SAS Drive Upgrades

By EXCellR8
Sep 17, 2013
Post New Reply
  1. We have a small PowerEdge 2900 server at the office with 3x 140GB SAS drives and we need more space. I'm trying to figure out how the data is arranged because we only have ~272GB total for file storage. Our needs are minimal we basically just need to store lots of smaller files mostly just a few MB in size. There is basically a single directory that we read/write to on the server.

    I'm basically trying to figure out if getting bigger SAS drives (expensive) vs. simply downsizing to a Xeon-based desktop PC with a set of maybe four 500GB drives, RAID-10, would be better. We do need redundancy at some level but I think performance with regular SATA drives would be just fine for us. There are maybe 5-8 people using opening or saving files to the server at any given time...

    Thoughts?
  2. jobeard

    jobeard TS Ambassador Posts: 13,352   +301

    RAID is an issue. Expanding Raid-0 or Raid-10 is not just adding one more HD to the enclosure. A RAID-JBOD setup will allow adding more devices without rebuilding the entire RAID.

    There are multiple solutions for redundancy and/or backups.

    Personally, I like staging the redundant data from the SAS device and not the original sources, which reduces the load on the originals and the redundant copies can be sync'd overnight without impact to the active users:

    Code:
    ( PC users ) === network === SAS
    		  ||		|
    		  ||		sync
    		  ||		|
    		  ||		V
    		  + === Redundant Device
    
    [edit] oh yea: offsite backups can then be staged from
    Redundant Device - - - > iCloud storage[/edit]
  3. St1ckM4n

    St1ckM4n TechSpot Evangelist Posts: 3,450   +619

    SAS drives are enterprise-grade, SATA is workstation-grade. Your experience will reflect this.

    You probably have your drives set up in RAID5 right now. That's a decent array arrangement. My suggestions:

    Options:
    1. Buy 3x new SAS drives and a tape drive. Use tape for overnight incremental backups and perhaps off-site.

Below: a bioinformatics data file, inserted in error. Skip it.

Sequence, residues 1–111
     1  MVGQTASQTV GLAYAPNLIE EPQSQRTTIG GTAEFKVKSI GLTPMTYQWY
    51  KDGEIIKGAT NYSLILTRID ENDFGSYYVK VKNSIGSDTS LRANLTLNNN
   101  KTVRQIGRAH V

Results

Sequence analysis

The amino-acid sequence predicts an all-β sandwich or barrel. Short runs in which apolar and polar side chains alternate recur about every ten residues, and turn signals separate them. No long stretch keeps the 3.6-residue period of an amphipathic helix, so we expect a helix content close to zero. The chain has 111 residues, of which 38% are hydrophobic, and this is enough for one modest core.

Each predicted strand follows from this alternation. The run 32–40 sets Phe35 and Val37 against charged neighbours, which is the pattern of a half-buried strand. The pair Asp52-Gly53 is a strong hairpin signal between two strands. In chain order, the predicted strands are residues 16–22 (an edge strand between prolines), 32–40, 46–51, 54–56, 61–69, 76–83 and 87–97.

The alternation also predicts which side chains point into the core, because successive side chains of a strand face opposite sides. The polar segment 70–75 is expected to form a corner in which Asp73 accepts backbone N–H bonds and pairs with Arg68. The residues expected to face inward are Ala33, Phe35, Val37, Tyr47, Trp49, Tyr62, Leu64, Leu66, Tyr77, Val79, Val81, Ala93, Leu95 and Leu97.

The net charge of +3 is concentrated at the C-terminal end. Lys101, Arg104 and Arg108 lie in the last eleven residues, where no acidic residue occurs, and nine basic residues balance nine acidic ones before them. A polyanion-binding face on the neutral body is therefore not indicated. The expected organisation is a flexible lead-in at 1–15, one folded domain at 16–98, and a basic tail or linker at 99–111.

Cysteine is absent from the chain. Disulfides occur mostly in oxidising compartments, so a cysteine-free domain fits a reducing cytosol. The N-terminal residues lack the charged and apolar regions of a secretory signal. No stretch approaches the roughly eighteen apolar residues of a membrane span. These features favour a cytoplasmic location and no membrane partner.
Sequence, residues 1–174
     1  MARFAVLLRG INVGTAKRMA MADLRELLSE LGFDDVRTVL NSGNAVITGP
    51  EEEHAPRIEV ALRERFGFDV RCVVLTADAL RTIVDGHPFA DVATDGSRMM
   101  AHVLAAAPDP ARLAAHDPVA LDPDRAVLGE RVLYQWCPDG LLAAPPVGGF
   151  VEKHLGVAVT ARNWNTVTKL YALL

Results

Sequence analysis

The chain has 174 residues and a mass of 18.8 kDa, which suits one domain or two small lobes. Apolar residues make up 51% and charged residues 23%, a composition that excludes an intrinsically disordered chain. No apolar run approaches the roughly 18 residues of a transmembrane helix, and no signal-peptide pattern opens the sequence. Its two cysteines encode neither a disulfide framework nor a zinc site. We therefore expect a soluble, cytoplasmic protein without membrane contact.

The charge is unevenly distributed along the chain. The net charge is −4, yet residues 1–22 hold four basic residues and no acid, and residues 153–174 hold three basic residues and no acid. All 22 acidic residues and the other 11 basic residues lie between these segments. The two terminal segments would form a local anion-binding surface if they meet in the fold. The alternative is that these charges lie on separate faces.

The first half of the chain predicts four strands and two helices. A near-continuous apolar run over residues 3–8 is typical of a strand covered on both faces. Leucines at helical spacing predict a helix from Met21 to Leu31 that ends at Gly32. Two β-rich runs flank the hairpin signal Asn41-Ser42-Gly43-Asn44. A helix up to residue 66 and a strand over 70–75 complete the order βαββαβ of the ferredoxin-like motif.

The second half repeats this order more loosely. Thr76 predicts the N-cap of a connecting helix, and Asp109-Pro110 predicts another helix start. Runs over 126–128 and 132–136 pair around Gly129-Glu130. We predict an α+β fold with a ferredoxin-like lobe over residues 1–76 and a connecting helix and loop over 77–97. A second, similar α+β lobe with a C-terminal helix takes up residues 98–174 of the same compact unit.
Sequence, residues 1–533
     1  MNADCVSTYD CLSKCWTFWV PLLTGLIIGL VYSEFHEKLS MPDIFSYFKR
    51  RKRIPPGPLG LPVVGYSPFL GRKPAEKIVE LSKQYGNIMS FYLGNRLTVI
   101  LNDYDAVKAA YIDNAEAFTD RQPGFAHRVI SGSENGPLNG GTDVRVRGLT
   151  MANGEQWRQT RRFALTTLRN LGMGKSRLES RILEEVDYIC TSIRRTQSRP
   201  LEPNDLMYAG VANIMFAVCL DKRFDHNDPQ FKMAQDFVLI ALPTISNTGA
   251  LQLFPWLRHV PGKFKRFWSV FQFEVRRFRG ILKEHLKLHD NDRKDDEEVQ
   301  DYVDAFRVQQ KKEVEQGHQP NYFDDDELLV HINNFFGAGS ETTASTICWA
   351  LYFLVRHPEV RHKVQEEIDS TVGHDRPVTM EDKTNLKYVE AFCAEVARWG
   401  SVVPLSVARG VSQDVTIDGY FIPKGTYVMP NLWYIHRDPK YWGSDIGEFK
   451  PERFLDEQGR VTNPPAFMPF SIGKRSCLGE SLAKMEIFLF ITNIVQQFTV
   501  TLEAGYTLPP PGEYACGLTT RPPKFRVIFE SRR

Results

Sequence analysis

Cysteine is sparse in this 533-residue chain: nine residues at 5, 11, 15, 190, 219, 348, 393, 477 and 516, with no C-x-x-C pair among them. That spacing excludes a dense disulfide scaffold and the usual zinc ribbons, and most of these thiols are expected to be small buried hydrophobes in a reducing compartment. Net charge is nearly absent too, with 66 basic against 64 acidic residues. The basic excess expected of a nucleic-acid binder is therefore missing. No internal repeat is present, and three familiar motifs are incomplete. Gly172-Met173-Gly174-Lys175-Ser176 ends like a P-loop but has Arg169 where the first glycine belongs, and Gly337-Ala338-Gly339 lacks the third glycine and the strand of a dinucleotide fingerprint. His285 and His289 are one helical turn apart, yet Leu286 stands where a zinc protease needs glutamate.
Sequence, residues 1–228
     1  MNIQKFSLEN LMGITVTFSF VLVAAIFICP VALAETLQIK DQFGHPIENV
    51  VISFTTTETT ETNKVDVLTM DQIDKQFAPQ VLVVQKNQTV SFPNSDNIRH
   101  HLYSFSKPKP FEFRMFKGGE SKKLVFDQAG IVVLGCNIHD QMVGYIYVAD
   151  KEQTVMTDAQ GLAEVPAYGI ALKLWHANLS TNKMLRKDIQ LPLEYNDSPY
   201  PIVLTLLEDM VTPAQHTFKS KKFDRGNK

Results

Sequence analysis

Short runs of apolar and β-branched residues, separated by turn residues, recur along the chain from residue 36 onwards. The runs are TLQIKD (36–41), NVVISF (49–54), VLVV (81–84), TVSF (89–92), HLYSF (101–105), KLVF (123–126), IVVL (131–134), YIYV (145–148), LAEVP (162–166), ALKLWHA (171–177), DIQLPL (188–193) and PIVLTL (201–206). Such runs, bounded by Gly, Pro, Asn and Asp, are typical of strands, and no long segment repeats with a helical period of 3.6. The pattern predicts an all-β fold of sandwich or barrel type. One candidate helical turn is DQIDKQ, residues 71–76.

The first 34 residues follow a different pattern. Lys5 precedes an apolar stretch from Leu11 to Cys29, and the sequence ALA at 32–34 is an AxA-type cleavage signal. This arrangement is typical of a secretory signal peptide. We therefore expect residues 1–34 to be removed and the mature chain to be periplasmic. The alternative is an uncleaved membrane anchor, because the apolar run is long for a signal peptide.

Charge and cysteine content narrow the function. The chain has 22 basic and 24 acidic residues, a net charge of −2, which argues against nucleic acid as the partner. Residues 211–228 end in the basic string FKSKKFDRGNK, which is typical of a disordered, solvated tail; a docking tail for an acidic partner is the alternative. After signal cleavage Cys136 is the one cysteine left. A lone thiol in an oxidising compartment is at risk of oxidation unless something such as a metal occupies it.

2. Buy tape drive, move old data to this. Allows you to use current drives. May not be possible if you still need access to all data.

    At the end of the day, it's your data and your security. The amount of money you spend on a suitable solution will directly impact any problems you may have.
  4. EXCellR8

    EXCellR8 The Conservative Topic Starter Posts: 2,278

    Yea sorry I probably should have clarified that I don't want to add drives, but replace the existing with bigger ones. I do think it is RAID-5 the console shows the 3x 140GB drives and a virtual ~272GB drive... so is that just stating that two are combined and there is one parity drive or something? I was scratching my head over that earlier.

    At this point since our read/write is so minimal, I may just invest in NAS and leave the server alone. Pair a couple of 500GB drives (plenty of space) and just use RAID-1. Done.
  5. St1ckM4n

    St1ckM4n TechSpot Evangelist Posts: 3,450   +619

    Look at wikipedia for RAID definitions.

    Also, what's the application that uses this data? It may not be suitable for NAS.

    You get what you pay for ...
  6. EXCellR8

    EXCellR8 The Conservative Topic Starter Posts: 2,278

    It's mostly CAD drawings and PDF's... there is basically one shared directory on the server that is simply mapped on each workstation. Pretty basic and primitive setup but that's all we need at the moment, just more space.
  7. GhostRyder

    GhostRyder TechSpot Evangelist Posts: 2,177   +511

    Wait I was reading your article and you say you have 3x140gb SAS drives yet your total file storage is only 272? In the most basic sense, you should have 420gb of space max minus probably 15gb for OS and other junk so I would say either you have a drive problem or the RAID is setup incorrectly.

    With Dell PowerEdge 2900 series servers the machines are a little interesting when setting up raid though I believe Dell should have set it up properly if it came with those three drives installed. You might want to check as to why that other drive is not being detected in the array as that could point to an issue.